Smithfield is getting creative to curb a spike in the cost of providing health insurance to its workers.
On July 1, barring any changes, it would cost 16 percent more for Smithfield to provide the exact same coverage to employees, according to the town’s insurance broker, Mark III Employee Benefits. Smithfield considered switching insurers, Town Manager Paul Sabiston said, but the quoted prices came in 36-40 percent above the current cost.
The Smithfield Town Council met with Sabiston last Tuesday and discussed strategies for dealing with the increase.
The town could reduce the rate increase to 9 percent by lowering the level of coverage it provides, Sabiston said. For instance, the town could opt to raise the co-pay for a doctor’s appointment to $35 from $25 and raise deductibles 50 percent to $1,500 for individuals and $4,500 for families.
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Most agreed the changes made sense, but Councilman Roger Wood had one serious concern. The scaled-back plan would double the out-of-pocket maximums to $7,000 for individuals and $10,000 for families. Wood said that could easily leave lower-income workers with unaffordable medical bills.
“This is going to scare people,” Wood said. “Hell, it scares me, and I don’t have to sign up for it.”
Councilman Perry Harris said that’s just the future of health insurance in America. “Catastrophic insurance is about what it boils down to,” he said.
Smithfield will pay $1.2 million this fiscal year to insure 163 employees, and the price would jump to $1.4 million next fiscal year if the council did nothing. The town bears the full cost of insuring 108 employees who opt to cover only themselves. It collects collects a total of $200,000 in premiums from the 55 workers who also insure a spouse, children or both. Smithfield would need to budget $168,978 more to continue offering the same coverage, or $93,710 more if it cut the level of coverage.
For single employees, Sabiston recommended the town continue to foot the entire bill. For those with dependents, he suggested Smithfield budget the same amount for their premiums next year and charge the employees the difference. In other words, workers would pay the increased cost of insuring their spouses and children.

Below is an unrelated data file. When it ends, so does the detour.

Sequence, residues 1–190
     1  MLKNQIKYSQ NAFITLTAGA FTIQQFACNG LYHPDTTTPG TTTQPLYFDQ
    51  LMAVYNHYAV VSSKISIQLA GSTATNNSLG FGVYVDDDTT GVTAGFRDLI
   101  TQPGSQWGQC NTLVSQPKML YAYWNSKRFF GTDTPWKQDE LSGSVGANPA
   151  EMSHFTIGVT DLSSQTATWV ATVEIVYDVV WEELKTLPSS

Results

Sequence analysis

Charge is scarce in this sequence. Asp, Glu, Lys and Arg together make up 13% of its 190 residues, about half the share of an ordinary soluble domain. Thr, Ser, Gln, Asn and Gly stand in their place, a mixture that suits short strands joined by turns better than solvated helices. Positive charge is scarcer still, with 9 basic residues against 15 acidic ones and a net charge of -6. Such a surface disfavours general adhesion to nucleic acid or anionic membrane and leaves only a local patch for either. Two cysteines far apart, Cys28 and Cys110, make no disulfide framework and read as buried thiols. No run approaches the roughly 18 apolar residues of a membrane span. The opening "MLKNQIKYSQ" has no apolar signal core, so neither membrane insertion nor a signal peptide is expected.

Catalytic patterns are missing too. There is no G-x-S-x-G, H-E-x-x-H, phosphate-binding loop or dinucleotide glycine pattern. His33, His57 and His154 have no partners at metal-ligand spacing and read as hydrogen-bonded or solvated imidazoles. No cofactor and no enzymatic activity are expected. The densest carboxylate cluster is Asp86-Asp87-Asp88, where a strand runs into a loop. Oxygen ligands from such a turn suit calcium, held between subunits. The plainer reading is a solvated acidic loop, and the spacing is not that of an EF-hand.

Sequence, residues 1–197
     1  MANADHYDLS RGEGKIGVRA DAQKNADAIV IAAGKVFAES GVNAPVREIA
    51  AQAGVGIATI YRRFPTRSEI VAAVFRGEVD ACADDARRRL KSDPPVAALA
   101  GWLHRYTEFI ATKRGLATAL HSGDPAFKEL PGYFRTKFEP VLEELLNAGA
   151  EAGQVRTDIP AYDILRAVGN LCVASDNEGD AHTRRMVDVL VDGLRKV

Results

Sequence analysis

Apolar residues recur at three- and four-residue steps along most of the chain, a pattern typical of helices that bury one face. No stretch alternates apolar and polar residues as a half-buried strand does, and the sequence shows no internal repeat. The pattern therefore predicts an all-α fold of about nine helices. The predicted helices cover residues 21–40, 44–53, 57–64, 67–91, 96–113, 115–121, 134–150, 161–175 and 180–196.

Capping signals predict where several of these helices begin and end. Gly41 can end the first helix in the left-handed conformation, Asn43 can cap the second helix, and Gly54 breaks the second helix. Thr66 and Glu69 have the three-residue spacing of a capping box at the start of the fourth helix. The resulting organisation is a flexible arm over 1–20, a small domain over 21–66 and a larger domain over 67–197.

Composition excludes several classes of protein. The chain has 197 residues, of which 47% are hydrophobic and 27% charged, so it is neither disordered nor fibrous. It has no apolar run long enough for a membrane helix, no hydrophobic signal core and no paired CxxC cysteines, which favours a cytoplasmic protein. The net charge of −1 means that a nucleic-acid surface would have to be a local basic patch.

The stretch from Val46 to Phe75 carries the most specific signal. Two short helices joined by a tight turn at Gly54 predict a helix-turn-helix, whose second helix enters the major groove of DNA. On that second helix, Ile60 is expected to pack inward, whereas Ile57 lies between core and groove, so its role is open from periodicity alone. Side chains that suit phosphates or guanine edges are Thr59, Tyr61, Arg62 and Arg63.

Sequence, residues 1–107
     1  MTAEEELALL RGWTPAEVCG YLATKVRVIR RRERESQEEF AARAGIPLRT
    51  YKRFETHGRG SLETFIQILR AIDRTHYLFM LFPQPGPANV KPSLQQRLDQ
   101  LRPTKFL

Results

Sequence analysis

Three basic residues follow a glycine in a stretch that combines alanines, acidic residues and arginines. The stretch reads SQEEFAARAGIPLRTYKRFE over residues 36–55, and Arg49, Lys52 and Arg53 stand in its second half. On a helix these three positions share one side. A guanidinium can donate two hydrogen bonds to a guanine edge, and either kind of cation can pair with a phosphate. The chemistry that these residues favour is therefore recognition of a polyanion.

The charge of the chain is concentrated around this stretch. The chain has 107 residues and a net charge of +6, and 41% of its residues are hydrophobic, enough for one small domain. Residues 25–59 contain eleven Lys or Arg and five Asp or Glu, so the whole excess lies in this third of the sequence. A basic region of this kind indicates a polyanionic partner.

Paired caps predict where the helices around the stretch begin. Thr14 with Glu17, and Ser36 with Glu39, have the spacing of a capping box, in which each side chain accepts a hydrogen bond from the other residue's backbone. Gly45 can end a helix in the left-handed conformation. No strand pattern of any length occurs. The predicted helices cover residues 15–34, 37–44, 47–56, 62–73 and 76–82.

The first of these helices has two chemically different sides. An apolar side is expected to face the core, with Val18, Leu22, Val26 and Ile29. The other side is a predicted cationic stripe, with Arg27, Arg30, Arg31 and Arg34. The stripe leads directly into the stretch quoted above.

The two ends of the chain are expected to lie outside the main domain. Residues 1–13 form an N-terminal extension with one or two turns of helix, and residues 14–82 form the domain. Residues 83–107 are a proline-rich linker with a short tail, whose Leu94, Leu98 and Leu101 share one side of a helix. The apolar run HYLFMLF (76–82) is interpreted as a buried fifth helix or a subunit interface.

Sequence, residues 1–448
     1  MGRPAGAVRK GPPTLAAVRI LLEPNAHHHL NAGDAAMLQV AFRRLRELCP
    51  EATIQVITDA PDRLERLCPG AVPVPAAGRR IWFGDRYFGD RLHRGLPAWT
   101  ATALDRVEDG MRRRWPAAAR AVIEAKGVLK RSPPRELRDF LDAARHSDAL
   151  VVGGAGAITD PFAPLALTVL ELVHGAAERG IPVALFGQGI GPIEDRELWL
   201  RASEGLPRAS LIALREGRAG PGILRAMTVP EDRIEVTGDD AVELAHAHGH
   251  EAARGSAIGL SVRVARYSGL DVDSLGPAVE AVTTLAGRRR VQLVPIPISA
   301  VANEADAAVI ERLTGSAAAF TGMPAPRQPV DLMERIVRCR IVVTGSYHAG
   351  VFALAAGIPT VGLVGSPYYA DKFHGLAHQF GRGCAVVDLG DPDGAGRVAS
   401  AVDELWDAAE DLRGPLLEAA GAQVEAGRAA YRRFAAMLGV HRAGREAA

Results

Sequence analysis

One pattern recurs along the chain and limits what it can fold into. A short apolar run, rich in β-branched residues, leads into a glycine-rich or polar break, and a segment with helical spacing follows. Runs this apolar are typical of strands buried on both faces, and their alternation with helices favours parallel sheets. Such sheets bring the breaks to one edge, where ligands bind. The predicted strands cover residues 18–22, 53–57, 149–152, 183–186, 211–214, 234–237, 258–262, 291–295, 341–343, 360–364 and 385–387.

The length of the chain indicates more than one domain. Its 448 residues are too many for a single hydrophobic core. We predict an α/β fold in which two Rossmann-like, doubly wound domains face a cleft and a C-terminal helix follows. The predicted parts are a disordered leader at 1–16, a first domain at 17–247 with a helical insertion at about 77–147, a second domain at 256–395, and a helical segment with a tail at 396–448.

Under that plan, Smithfield would need to pay only an extra $94,154 to keep its same coverage, or $52,215 if it also cut the benefits. Sabiston recommended the council choose the latter option.
During the council’s discussion, another idea emerged. The town currently pays $50,000 a year for employees’ dental insurance, and none of that cost gets passed along to the workers. If instead the town made dental coverage optional and passed the premiums on to workers, that $50,000 could help pay for health insurance.
Wood seemed to like that idea because, with the extra money, Smithfield could afford to keep its current benefits and avoid doubling the out-of-pocket maximums.
Sabiston said he would first need to find an insurance company willing to provide the town with a voluntary dental plan.
Before making a decision, Harris said Smithfield needs to ask neighboring towns and Johnston County government what type of benefits they plan to offer next year. That way the council can make sure Smithfield remains competitive as an employer, he said.
What’s certain is the council faces some tough choices during the budget process.
“There’s not going to be a silver bullet, guys,” Harris said.
In another bid to ultimately save money, the council added $21,000 to its 2015-16 budget for Mark III to begin developing a wellness program for the town. The program will not begin until the following fiscal year, but Mark III estimates it will save Smithfield about $60,000 yearly in health premiums.
The top health risks for Smithfield’s employees are weight, cholesterol and blood pressure, according to Mark III. Those create risks of heart disease, hypertension, diabetes, strokes, kidney disease and more.
Those problems are all preventable, and the wellness program would give workers a financial incentive to improve their health.
Healthier workers should file fewer claims, and that would save the town money.